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Why Natural Gas Leader Oklahoma Still Relies on Coal

Background

Oklahoma Gas & Electric's coal-fired Sooner Plant near Red Rock, Okla.

Joe Wertz / StateImpact Oklahoma

Oklahoma Gas & Electric's coal-fired Sooner Plant near Red Rock, Okla.

Natural gas is a big deal in Oklahoma, but the state still relies on coal.

About 40 percent of the electricity generated in the state is fueled by burning coal, data from the U.S. Energy Information Agency show. But Oklahoma’s reliance on coal presents a number of problems.

First, Oklahoma sits on a massive amount of natural gas, more than all but three other states, and it seems like common sense to use it. Especially when you consider that the vast majority of the coal Oklahoma burns for electricity has to be shipped here from Wyoming.

That’s because Oklahoma’s coal is too dirty — it’s really high in sulfur. Burning large quantities of it violates the federal federal Clean Air Act. So mining for Oklahoma coal on a large scale hasn’t been economically viable in decades.

Expanding overseas markets, especially in Asia, are beginning to increase demand, but that brings us to another problem — the federal government.

Coal in Court

President Barack Obama’s  administration cracking down on coal. Provisions of the Clean Air Act choked off the state’s coal mining industry long ago, but new regulations on coal-fired power plants — there are six large ones in Oklahoma — are forcing one of the state’s major utilities, Public Service Company of Oklahoma, to install expensive air scrubbers, and have driven the other, Oklahoma Gas & Electric, to court.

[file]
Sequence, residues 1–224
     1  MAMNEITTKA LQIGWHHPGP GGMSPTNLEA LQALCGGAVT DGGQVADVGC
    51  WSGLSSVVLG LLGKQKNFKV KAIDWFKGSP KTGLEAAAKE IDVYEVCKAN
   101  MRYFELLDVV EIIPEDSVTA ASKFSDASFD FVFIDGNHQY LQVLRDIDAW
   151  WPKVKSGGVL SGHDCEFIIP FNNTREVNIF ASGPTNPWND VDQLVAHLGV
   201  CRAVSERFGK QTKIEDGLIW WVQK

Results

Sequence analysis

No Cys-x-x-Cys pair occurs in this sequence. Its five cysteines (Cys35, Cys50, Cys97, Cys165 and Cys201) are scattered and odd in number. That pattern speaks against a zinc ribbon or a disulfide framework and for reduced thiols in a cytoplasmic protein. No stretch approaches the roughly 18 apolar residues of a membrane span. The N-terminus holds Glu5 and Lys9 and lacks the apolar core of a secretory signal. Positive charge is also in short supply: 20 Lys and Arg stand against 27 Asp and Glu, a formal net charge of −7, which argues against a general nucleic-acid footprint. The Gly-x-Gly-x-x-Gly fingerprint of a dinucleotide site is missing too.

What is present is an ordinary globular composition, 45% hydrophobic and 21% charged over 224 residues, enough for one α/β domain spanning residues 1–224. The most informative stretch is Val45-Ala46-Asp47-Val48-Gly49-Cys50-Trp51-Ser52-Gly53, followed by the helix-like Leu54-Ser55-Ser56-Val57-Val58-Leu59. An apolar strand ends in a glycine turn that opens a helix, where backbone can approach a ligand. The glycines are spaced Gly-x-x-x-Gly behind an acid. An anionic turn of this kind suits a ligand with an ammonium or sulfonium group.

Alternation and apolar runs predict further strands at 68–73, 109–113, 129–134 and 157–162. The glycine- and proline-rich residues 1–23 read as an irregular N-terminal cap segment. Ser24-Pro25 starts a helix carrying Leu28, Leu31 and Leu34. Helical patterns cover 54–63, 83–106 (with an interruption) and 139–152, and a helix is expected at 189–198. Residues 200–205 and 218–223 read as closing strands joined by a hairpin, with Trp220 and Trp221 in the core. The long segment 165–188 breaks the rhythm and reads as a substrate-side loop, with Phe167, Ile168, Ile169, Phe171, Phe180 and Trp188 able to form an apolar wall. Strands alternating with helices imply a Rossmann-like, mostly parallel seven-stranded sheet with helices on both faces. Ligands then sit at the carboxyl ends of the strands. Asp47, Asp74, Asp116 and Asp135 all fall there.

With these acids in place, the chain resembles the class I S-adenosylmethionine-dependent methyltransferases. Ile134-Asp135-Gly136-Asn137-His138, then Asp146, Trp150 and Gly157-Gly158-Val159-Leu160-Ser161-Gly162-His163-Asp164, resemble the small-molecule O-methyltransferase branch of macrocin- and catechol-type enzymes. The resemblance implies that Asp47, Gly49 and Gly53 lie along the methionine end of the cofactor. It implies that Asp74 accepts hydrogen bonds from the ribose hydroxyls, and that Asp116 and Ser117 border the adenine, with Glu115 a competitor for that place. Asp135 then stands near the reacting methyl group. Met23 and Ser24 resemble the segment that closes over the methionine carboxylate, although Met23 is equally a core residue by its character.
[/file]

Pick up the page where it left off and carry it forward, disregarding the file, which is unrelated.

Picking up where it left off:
All this after the federal government made Oklahoma switch away from natural gas and back to coal during the Jimmy Carter Administration, because of fears of a natural gas shortage.

But why the government is going after coal is obvious, and another reason relying on coal causes problems for Oklahoma: It’s dirty — bad for your health and the environment.

The Sierra Club, with their Beyond Coal Campaign, and other environment groups have produced evidence of impaired lakes and rivers from dumping coal ash into waterways, and air fouled by toxic emissions. In other words, living near a coal-fired power plant is no picnic.

But moving away from coal and more toward natural gas and renewables is anything but cheap. A new natural gas plant can cost hundreds of millions of dollars. So can installing scrubbers at existing coal plants.

Initially, that costs the utility companies, but eventually it’s the customers who pay in the form of higher electricity rates.

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